The queen snatched the compact from her daughter and tossed it at one of the ladies in waiting. “The doors will be opening any minute. Lower your veil now. No one needs to see you pouting like a child.” Her raven black hair was piled on the top of her head to make her look taller. Her makeup was even more exaggerated than Kylee’s, although, if makeup was meant to make one look older Kylee wasn’t sure why her mother had bothered wearing any. The dress the queen wore was made of red satin with pearl embellishments and sported a plunging neckline. If this had been the first time the queen had tried to prove she still looked thirty-years-old, Kylee might have been embarrassed. Sadly, it was not.

Kylee tugged the veil into place as one of the guards opened the door to the large hover craft. He extended a hand to help her climb out, for which she was grateful. Her wedding dress was ridiculously large and heavy.

The venue was just about the only thing Kylee’s mother had gotten right. An enormous cathedral sat on a slightly elevated plateau toward the outskirts of the jungle. It had tall towers, archways, and the traditional stain glass windows of a medieval cathedral from 20th century earth. It was one of the few of its kind in New Sol. Kylee gazed up at the artistically designed structure barely visible through the layers of tulle covering her face, and smiled for the first time in months. She’d wanted to get married here since she was nine years old.

Grief smothered her moment of joy. It’s the wrong man.

The queen fluttered about her daughter, fluffing the already too-fluffy skirt of her gown, swatting away the occasional insect, and muttering, “Stand up straight, my dear. That’s right. You’re so beautiful when you exercise good posture. Hands clasped before you…Perfect. Now, nod ever so graciously at the camera and proceed.”

Kylee found the camera hovering over the heads of the thousands of guests crowded around the cathedral’s entrance. She obeyed her mother and began the long walk across the lawn. She knew Taren wouldn’t be there but she still looked for him, desperate for a glimpse of black curls or oak brown eyes or a dimpled chin. Her mother and ladies in waiting trailed behind her, smiling and waving. An armored guard stood on either side of her.

Not long ago, Taren stood dutifully at her side during grand, obnoxious events like these. He would murmur lame knock-knock jokes out of the corner of his mouth to keep her smile genuine for the crowds. Sometimes he would cup her elbow and stay a step ahead to shield her from the cameras when she was too upset to face them. The more she thought about him, the sadder she became, but she couldn’t help it. He should be here.

She stumbled. A collective gasp rang through the crowd.

One of her guards took her by the arm. “Are you well, Princess?”

She nodded, perhaps a little too hastily, and continued her walk. But yet again, maybe he shouldn’t be here. Going through with this was painful enough for her. If she had to see the look on Taren’s face when she said, “I do,” she might’ve broken down on national television.

The doors to the cathedral loomed before her, blocked the sun for a moment, and then she was inside. The walls had been modified to mirror the scenery outside. She could still see the tangles of green jungle stretching out below and the grassy floor of the plateau. The only differences between the exterior and the interior were the drop in temperature and the seemingly magical appearance of chairs. Yet more people stood here, smiling and ogling and whispering and sighing and throwing her envious looks. There were quite a few more Mer-people within the cathedral than there were outside. An archway heavy laden with pink hydrangeas and ivy waited for her at the end of the aisle, along with her groom.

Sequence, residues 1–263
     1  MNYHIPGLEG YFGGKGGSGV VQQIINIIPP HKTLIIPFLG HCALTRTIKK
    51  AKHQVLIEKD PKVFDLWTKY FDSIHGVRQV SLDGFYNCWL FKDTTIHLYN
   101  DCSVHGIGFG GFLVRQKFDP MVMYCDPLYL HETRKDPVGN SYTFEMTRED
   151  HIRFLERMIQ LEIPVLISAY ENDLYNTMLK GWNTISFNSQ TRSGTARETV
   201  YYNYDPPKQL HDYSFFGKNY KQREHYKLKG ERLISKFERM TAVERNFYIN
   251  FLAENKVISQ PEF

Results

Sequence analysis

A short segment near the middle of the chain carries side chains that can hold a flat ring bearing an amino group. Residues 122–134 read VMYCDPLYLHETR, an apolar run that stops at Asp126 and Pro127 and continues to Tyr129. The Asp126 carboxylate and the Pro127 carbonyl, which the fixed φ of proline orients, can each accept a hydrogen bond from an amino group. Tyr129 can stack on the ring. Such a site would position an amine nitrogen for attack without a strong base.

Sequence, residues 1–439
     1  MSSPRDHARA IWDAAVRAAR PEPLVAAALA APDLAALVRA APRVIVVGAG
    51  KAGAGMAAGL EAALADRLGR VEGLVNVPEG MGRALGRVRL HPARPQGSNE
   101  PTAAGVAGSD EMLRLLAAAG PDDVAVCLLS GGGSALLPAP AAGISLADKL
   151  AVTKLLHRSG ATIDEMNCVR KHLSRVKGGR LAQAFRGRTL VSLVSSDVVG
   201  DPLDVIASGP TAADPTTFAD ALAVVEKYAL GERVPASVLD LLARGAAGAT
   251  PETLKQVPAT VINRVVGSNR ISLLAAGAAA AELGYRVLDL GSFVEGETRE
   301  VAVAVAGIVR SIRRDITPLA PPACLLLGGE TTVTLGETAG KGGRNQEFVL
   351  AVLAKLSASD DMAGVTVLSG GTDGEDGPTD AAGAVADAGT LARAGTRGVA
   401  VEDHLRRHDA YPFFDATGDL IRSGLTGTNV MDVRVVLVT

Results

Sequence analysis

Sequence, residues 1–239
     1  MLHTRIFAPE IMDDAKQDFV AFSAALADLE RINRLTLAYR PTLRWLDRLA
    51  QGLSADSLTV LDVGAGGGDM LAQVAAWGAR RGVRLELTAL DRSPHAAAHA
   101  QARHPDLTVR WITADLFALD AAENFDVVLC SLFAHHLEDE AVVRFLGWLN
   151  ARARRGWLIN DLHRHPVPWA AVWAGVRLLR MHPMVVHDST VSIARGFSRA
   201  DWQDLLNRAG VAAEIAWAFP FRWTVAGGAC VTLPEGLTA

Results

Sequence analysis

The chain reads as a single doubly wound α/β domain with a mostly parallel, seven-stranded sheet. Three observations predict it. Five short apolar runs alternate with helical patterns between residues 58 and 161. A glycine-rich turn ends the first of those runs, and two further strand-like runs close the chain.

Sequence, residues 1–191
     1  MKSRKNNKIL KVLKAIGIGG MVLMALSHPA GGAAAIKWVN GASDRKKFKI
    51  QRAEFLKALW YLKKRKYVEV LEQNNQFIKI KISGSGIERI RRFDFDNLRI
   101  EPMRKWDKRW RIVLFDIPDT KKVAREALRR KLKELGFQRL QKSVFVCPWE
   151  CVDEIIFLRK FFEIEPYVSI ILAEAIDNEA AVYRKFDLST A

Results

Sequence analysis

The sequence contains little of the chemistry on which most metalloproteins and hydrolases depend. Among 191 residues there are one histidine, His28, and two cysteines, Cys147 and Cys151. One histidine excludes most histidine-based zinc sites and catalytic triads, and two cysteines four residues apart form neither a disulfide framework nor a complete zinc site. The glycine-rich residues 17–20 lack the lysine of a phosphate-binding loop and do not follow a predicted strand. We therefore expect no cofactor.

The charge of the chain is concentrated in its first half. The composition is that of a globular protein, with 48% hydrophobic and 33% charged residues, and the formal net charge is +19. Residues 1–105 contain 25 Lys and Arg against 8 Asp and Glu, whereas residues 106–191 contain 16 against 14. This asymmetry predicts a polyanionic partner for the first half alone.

Kylee swallowed hard and lifted her chin when she saw her father. He wore his traditional general’s uniform, medals, and ceremonial sword. Even with the inserts in his boots, he was barely taller than she was. He looked deathly pale; his almond-shaped eyes were sad. He mutely held his elbow out to her, still powerless to oppose his wife and the demands of their almost-enemies. Kylee felt the familiar rush of frustration before accepting his arm. What good was there in being the king if he could still be overruled?

A hush fell over the audience and then the music began to play. Ten, twenty, thirty steps later, she stood before her fiancé. He was built like a pampered prince with undeveloped muscle beneath his tuxedo and waxy, green skin. Gills cut across both sides of his neck and scaly frills grew behind each ear. His glassy black eyes stared at her, unblinking. He extended a hand with a slight bow of his head; his fingers were webbed. Kylee couldn’t help but stare. Could he speak English? Was he kind? Was he expecting her to carry his children?

Kylee’s grip on her father tightened as the floor tilted beneath her feet. She’d always wanted to be a mother, but the thought of giving birth to tadpoles made her stomach turn. But she could feel the focus of that flying camera like a light blazing through a magnifying glass and aimed at the back of her head. The whole world was watching, waiting for her to continue the ceremony. She took a deep breath and reached out to him with a trembling hand.

The sound of an explosion made her twist around in alarm. Through the open doors of the cathedral, she watched her mother’s hovercraft erupt in a ball of fire. The floor shook from the blast, causing the cathedral’s walls to flicker in and out of existence. Chaos followed. The guests jumped from their chairs and ran to where they assumed the nearest exits were. They encountered invisible walls instead. The guards masquerading as attendees tried to calm those nearest to them with little success. The armored guards rushed outside to investigate the cause of the explosion, only to be thrown off their feet by a second blast which destroyed yet another hovercraft. Kylee was torn away from her father by the desperate throng. The second earthquake from the blast sent her looking for shelter. She fell back against the wall. Her fiancé, mother, and personal guards wrestled through the people running in every direction, trying to get to their princess.